Emperor of Japan during World War II, Hirohito was the nation’s monarch from 1926 until his death in 1989. Hirohito announced the surrender of Japan to his people in August 1945, and after the war a constitution patterned after that of the United States created a constitutional monarchy form of government in the island nation. The depth of Hirohito’s involvement in leading Japan to war remains the subject of debate.
Operation Blacklist served as the supreme model to combat continuing resistance from the Japanese following formal surrender. More »
Admiral Isoruoku Yamamoto led the Imperial Japanese Navy into war but warned that the United States was a formidable foe. More »
Hirohito, Japan’s Emperor Showa, survived atomic bombs, a palace revolt, and defeat to retain the dynasty’s throne for his heirs. More »
U.S. Navy officer Ellis Zacharias attempted to end the war in the South Pacific, saving lives in the process. More »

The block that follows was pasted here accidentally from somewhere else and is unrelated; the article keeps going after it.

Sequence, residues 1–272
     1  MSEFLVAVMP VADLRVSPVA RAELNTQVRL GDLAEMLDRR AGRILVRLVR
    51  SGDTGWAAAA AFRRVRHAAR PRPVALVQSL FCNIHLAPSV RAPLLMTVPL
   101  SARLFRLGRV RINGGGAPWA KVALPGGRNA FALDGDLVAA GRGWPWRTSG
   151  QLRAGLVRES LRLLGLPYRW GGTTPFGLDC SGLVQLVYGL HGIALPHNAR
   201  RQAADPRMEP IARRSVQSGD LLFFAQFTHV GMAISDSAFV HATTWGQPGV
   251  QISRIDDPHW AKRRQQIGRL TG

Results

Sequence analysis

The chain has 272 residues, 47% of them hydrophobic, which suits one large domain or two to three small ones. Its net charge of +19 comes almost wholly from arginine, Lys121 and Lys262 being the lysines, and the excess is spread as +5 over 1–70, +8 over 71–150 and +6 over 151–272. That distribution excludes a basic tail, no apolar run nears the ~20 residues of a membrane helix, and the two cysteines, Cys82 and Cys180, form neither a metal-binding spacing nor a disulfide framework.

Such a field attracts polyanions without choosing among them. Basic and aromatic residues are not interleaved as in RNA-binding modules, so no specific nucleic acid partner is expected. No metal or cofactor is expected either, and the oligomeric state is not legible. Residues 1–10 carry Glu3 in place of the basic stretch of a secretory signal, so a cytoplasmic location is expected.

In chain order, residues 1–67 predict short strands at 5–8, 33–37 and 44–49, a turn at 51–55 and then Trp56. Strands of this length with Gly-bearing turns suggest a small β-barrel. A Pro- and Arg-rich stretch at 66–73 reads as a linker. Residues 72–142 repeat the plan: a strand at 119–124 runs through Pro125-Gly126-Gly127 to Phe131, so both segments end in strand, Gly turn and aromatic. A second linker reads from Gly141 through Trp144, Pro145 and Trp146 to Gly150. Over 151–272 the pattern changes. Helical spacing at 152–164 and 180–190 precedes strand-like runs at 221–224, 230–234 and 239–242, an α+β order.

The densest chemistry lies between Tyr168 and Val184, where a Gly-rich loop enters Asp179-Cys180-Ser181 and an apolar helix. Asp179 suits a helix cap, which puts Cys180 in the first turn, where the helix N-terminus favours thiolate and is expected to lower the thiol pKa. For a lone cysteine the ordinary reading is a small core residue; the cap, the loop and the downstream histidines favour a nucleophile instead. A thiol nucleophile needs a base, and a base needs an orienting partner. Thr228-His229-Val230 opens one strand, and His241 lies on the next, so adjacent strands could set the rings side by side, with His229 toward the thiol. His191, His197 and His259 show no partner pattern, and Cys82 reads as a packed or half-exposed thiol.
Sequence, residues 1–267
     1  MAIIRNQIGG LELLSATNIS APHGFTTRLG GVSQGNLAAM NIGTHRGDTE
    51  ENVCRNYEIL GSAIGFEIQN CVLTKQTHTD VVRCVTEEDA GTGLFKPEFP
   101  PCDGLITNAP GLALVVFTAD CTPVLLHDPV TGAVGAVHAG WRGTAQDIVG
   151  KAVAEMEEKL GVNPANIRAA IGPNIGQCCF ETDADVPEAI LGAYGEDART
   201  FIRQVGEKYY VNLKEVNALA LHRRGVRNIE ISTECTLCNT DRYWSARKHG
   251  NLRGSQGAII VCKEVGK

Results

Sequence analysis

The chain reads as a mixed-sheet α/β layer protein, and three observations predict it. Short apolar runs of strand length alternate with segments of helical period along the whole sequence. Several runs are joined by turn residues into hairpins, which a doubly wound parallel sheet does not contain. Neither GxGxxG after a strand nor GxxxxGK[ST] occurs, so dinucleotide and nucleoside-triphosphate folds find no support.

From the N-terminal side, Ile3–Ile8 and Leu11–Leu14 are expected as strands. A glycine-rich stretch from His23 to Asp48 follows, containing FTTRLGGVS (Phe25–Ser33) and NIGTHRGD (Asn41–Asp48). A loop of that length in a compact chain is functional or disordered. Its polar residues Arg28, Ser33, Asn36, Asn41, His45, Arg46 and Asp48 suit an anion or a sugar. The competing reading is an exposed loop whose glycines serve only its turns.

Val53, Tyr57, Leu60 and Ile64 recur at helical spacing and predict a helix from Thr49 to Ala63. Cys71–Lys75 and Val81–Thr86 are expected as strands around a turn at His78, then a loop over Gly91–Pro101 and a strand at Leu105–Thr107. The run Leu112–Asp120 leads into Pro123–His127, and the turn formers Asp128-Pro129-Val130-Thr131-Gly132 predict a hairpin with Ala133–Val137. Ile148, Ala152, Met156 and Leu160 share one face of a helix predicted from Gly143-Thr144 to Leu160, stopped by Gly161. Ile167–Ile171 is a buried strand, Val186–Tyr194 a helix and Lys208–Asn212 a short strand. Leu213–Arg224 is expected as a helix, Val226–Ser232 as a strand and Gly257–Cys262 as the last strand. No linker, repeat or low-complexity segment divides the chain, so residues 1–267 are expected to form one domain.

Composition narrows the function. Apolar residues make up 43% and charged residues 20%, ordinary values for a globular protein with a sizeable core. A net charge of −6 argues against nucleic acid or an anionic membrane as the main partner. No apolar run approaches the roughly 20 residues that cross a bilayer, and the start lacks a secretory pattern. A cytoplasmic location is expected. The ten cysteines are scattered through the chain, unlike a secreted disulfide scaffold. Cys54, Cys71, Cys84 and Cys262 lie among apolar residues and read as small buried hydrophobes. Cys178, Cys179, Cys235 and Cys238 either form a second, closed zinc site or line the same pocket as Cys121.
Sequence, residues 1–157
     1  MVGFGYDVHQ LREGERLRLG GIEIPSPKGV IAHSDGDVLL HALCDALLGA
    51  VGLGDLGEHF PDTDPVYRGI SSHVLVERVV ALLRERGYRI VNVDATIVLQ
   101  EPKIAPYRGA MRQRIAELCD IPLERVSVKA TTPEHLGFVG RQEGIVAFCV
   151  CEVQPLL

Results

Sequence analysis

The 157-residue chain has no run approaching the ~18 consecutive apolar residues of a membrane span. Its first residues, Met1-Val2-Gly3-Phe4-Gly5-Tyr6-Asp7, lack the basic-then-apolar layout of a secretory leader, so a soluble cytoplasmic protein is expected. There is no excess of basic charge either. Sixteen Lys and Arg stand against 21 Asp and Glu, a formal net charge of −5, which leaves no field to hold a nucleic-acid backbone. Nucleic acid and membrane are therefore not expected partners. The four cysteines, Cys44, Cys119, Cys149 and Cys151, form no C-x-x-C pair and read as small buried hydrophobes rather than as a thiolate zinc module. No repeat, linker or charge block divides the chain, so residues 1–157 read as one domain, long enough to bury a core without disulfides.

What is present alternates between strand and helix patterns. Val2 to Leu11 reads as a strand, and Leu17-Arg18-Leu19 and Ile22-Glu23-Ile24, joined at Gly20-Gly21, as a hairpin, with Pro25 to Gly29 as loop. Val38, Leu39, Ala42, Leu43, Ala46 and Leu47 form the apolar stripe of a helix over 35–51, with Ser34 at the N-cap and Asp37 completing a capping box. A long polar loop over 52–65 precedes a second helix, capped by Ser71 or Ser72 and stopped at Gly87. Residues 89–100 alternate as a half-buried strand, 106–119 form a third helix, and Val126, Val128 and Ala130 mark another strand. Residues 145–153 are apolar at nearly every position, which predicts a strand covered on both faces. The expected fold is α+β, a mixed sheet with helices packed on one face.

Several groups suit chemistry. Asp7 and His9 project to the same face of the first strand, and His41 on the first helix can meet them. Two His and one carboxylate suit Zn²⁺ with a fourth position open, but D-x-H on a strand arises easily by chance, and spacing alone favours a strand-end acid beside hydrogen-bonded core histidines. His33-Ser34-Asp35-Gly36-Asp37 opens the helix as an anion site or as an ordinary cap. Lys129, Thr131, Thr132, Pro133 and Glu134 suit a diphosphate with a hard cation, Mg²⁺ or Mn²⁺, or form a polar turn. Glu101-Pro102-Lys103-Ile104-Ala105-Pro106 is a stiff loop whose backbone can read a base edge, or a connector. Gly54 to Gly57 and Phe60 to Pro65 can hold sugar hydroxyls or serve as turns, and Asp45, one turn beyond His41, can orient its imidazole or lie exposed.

After more than 60 years, the circumstances surrounding the use of the atomic bomb against Japan remain hotly debated. More »
Did President Franklin D. Roosevelt send three small vessels into harm’s way to pave the way for America’s entry into World War II? More »
On deceptively beautiful Saipan, hard-bitten Japanese regulars prepared a defense to the last man—soldier or civilian—rather than surrender. More »
Was Emperor Showa (“Hirohito” as he is typically referred outside Japan) a warmonger, pacifist, or both? More »
It’s been 74 years since the attack on Pearl Harbor. Today we look back at the Day of Infamy and how it shaped the course of America’s future. More »
Acclaimed General Lloyd Fredendall lost his command after the debacle at the Battle of the Kasserine Pass.
The surprise attack on Pearl Harbor on December 7, 1941, benefited from the firsthand observation of spies on Oahu.
Elements of America’s 93rd Infantry Division (Colored) fought discrimination at home and captured the highest ranking Japanese officer in the Pacific.